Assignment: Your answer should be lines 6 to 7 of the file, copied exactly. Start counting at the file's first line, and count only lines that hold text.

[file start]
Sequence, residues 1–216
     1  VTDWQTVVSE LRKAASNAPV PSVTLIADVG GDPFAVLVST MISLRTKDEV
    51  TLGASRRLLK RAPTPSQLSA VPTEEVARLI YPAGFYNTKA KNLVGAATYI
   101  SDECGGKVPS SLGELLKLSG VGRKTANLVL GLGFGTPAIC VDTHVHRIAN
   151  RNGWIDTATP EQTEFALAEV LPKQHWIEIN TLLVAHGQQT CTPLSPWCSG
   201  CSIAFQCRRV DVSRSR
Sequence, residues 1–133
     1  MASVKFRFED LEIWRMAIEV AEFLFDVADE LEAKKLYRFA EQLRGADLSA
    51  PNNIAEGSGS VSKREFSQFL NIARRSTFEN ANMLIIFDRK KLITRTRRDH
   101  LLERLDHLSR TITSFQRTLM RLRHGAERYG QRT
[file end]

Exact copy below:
   201  CSIAFQCRRV DVSRSR
Sequence, residues 1–133